Why a breakthrough on the Irish border isn’t all good news for Theresa May

Softening the backstop plan will get May off the hook in Brussels, but not with Tory Brexiteers.

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The intractable question of the Irish border continues to frustrate progress in Brexit negotiations. But for how much longer? Almost imperceptibly, the mood music from Brussels has changed key – and some believe compromise could be in the offing when talks resume later this month.

Stirring hopes of a breakthrough are recent briefings from the European Commission on the contentious backstop plan – the mechanism to prevent a hard border in the absence of a suitable trade or customs deal. For the EU and Ireland in particular, it is a vital insurance policy. The withdrawal agreement cannot be signed off without it. But for the Tory Brexiteers that have thwarted Theresa May at every turn, it is the allergen in the Prime Minister's fudge.

It is not hard to see why: in March, the Commission proposed a backstop that would have effectively kept Northern Ireland in the EU's customs territory and under the direct jurisdiction of the European Court of Justice. Annexation was the watchword for the plan's many opponents on the Tory benches. Another of its consequences, a customs border in the Irish Sea, is anathema both to May and her allies in the DUP. It remains the biggest block to a deal.

So talk of the EU seeking to compromise would seem to merit a welcome. Last week, Michel Barnier and Leo Varadkar, the Taoiseach, have said they are prepared to do so if it averts a no-deal scenario (Varadkar says it is the backstop's end, not its means, that matter).

Since then, Brussels officials have signalled they would be willing to minimise the jurisdiction of the EU courts and customs officials in Northern Ireland. There could be a way – just about – to strike a backstop deal that does not violate the Prime Minister's red line on maintaining the constitutional integrity of the UK, and with it bring negotiations on withdrawal very close to the finish line indeed.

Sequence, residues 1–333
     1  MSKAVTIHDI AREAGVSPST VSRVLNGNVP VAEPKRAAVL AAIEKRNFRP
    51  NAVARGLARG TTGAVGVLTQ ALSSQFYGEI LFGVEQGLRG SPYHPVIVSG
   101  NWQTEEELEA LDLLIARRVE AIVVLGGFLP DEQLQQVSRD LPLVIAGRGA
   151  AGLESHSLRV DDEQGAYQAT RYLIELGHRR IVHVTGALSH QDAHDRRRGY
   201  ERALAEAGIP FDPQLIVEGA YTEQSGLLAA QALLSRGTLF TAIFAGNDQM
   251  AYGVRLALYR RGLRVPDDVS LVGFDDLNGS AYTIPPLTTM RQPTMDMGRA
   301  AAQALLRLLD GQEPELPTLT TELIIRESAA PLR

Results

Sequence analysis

Trebles all round? Not quite. If the fallout from May's White Paper taught us anything, it is that her red lines are several miles from those of her Eurosceptic backbenchers. They do not think of the backstop in quite the same terms as the Prime Minister. Their belief is not that it is a European bluff or insurance policy against the UK government, but a No 10 bluff against Tory Leavers. To them it is a ruse to bounce them into a Brexit in name only for the rest of the UK. So no matter how the EU contorts the plan to suit May, it will not make her life easier.

If the Prime Minister is heartened by the softening of the EU stance then, as ever, she is looking through the wrong end of the telescope. Agreement on the backstop might relieve the impasse in Brussels but will only exacerbate her problems in the Commons. But she cannot not reach an agreement if she is to get the deal she wants. The deal she wants is not the deal her MPs want. All roads lead to chaos.

Patrick Maguire is the New Statesman's political correspondent.